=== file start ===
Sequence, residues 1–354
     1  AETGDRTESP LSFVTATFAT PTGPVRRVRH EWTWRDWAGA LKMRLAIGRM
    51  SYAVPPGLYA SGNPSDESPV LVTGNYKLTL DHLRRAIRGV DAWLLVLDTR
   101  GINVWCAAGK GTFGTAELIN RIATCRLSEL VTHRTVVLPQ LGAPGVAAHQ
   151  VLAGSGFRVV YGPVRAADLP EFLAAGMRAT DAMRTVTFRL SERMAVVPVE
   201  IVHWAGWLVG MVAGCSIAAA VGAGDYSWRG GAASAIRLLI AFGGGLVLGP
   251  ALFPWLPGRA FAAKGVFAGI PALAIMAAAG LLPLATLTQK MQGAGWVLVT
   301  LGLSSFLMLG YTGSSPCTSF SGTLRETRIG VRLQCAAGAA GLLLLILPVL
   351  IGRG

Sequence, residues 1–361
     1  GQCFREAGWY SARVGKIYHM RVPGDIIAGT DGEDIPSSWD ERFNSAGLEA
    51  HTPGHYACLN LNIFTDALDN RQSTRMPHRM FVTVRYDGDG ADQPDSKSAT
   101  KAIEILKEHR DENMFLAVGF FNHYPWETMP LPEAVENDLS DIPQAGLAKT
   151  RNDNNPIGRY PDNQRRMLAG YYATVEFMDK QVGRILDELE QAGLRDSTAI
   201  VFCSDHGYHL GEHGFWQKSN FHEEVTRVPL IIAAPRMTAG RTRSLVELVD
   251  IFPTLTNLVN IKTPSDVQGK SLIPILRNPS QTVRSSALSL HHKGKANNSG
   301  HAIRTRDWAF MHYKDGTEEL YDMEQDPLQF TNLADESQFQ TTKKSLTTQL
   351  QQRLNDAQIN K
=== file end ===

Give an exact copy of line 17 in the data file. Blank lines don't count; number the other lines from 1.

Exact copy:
   301  HAIRTRDWAF MHYKDGTEEL YDMEQDPLQF TNLADESQFQ TTKKSLTTQL